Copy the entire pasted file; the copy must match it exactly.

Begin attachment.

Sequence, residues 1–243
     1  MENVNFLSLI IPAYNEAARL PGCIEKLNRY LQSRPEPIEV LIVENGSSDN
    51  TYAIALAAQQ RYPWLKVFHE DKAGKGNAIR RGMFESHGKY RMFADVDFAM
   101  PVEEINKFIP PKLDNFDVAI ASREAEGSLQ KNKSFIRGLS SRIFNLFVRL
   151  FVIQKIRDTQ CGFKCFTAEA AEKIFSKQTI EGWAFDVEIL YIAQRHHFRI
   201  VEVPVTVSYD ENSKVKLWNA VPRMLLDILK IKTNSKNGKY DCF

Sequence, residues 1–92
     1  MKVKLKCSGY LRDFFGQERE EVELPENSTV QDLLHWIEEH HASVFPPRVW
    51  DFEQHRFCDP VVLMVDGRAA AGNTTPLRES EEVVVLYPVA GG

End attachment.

Sequence, residues 1–243
     1  MENVNFLSLI IPAYNEAARL PGCIEKLNRY LQSRPEPIEV LIVENGSSDN
    51  TYAIALAAQQ RYPWLKVFHE DKAGKGNAIR RGMFESHGKY RMFADVDFAM
   101  PVEEINKFIP PKLDNFDVAI ASREAEGSLQ KNKSFIRGLS SRIFNLFVRL
   151  FVIQKIRDTQ CGFKCFTAEA AEKIFSKQTI EGWAFDVEIL YIAQRHHFRI
   201  VEVPVTVSYD ENSKVKLWNA VPRMLLDILK IKTNSKNGKY DCF

Sequence, residues 1–92
     1  MKVKLKCSGY LRDFFGQERE EVELPENSTV QDLLHWIEEH HASVFPPRVW
    51  DFEQHRFCDP VVLMVDGRAA AGNTTPLRES EEVVVLYPVA GG